Mark, Brad and Rob, along with the bass player from Karma then started a band called Relative Degree. They had a dream of playing one show at The Roxy Theatre, so they set it as their big goal. The Roxy was a popular club for up and coming bands located on Sunset Blvd. in West Hollywood, California. The band wrote 12 songs and rehearsed for a year before playing the show at The Roxy which finally happened on May 17, 1996.
Brad said, "People laugh at me when I say this but my goal was - as a musician - to play a show at our local club, the Roxy, in L.A. in high school for my friends. I did it. Now I say this, and it may sound like bullshit, everything that's happened from that point on is all gravy. We're really proud of the music we've made, and for everyone that gets to hear it, that's more love for us. We're totally happy." After playing only one show, the members of Relative Degree started losing focus and the band eventually broke up.
Although Mike never joined the band, he would occasionally put samples into their songs and watch them practice, and developed a strong friendship with Brad when they were both in 8th grade.
Still in his development stage of rapping, Mike used to record demos with Ryu of Styles Of Beyond in his bedroom. He would later design Styles Of Beyond's original logo and produce an unreleased version of "Marco Polo" for the album 2000 Fold. He would also create album art for DJ Frane's Fantastic Boatride and Saukrates' The Underground Tapes as well as for the Styles Of Beyond album.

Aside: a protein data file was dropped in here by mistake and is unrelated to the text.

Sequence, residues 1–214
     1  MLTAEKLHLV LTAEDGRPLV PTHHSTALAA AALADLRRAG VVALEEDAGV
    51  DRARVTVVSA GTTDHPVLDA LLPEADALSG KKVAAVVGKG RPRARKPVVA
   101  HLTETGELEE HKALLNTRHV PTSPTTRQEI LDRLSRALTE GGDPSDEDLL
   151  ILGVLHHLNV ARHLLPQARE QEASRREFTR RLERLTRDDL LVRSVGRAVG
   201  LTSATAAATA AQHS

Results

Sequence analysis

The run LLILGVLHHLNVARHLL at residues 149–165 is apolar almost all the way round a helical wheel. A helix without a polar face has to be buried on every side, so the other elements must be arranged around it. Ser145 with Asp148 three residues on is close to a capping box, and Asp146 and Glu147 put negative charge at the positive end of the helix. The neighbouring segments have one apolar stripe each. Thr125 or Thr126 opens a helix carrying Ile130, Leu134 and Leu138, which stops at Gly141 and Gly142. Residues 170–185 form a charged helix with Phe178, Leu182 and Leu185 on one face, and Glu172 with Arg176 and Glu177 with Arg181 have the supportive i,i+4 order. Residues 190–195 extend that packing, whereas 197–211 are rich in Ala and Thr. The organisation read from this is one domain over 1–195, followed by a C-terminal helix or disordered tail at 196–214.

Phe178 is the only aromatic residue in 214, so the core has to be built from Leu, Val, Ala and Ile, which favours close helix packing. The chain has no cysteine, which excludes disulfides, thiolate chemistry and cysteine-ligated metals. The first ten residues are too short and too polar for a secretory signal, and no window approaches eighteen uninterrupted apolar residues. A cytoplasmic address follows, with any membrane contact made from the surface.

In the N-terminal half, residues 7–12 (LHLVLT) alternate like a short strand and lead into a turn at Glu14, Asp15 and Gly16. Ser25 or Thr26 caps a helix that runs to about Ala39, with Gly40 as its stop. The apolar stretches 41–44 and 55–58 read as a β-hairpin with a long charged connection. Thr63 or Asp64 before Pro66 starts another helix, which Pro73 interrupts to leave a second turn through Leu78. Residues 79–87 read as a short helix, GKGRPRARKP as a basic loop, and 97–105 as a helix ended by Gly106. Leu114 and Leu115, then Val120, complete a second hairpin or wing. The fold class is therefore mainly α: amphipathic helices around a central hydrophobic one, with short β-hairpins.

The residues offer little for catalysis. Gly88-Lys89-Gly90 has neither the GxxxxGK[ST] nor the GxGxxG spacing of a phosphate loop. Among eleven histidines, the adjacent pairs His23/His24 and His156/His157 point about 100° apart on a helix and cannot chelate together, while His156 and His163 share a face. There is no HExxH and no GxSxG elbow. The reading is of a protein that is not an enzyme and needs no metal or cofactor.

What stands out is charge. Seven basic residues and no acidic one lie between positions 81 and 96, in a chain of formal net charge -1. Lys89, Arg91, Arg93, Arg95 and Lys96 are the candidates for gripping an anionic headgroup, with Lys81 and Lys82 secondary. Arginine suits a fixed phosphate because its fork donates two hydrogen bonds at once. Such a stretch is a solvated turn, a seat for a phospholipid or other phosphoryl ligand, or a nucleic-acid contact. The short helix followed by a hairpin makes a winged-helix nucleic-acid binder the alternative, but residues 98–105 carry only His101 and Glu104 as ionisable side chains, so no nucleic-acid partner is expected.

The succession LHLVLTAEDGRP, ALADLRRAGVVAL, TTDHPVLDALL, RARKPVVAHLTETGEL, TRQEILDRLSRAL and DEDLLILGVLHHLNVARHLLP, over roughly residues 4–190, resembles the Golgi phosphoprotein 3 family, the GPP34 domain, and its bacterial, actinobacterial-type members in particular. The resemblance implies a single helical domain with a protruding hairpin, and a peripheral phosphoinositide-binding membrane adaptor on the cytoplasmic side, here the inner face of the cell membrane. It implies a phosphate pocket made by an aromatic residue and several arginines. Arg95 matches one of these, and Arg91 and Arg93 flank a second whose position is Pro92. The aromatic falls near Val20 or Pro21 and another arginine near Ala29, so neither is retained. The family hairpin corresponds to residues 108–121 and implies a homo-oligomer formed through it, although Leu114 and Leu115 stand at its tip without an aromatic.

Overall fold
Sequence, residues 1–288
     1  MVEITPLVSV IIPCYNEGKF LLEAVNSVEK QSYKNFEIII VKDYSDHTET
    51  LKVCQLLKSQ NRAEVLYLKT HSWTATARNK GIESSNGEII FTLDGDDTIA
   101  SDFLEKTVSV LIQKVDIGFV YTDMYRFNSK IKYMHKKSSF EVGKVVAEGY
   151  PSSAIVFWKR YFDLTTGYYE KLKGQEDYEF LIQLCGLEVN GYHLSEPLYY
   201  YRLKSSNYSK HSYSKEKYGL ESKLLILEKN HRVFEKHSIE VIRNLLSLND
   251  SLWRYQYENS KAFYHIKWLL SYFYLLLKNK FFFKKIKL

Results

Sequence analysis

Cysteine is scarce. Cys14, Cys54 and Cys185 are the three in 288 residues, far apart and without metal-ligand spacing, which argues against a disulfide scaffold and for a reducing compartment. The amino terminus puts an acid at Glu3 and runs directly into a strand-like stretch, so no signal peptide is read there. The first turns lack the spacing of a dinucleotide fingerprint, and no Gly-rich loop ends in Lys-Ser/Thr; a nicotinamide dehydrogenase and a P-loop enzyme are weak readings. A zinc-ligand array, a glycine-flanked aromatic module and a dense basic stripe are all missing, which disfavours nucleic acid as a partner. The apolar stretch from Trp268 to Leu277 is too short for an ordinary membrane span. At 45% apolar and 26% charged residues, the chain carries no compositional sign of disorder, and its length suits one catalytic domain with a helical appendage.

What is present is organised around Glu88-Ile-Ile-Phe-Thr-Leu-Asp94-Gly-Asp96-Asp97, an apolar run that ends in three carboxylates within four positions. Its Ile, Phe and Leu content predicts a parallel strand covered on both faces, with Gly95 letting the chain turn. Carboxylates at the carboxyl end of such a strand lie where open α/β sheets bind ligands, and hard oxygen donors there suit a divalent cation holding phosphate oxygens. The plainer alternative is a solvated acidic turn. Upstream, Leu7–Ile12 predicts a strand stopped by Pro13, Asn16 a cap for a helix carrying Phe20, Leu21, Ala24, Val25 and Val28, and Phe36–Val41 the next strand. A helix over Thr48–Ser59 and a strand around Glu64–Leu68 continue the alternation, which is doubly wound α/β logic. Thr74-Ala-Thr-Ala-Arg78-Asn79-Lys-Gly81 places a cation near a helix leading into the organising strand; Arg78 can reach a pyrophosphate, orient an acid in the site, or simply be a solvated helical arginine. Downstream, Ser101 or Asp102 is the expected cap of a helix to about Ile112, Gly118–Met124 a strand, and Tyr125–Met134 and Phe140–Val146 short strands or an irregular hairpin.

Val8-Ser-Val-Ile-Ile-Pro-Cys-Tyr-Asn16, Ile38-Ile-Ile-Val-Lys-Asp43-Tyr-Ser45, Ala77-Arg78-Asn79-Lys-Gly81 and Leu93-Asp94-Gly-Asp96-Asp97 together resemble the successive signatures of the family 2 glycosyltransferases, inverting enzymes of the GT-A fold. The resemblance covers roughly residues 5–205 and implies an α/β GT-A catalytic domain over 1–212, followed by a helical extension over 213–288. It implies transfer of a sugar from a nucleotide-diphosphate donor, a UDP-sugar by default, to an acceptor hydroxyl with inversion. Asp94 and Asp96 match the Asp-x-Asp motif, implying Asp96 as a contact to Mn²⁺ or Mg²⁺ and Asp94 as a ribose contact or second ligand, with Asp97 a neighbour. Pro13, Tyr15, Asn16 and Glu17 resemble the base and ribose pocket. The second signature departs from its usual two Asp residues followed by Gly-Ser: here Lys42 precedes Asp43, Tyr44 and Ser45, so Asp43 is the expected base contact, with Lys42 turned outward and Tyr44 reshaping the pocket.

Mike and Mark have been friends since they were 12 and used to make funny songs together. They went to high school together and after both graduated, they started a new band called "Xero" in the winter of 1995/1996. At that point, Mike was mainly doing beats for various hip hop acts (and for himself as well), but decided he wanted to experiment with mixing different styles of music together. After one or two writing sessions, they enlisted the help of Brad and recorded a demo containing 4 songs with a few of them having guitars done by him. They sent it to an A&R representative from an indie label/publishing company whose mailing address was included in one of the CDs they owned and got a phone call from Paul, the representative, a day later asking them to come over. He was shocked to learn the duo recorded a professional sounding demo on a 4-track in Mike's bedroom and encouraged them to put a band together and start playing shows. They set their first goal to play at the Whisky A Go Go and the demo tape was eventually passed out to friends and new fans and sent out to record companies to try and get signed.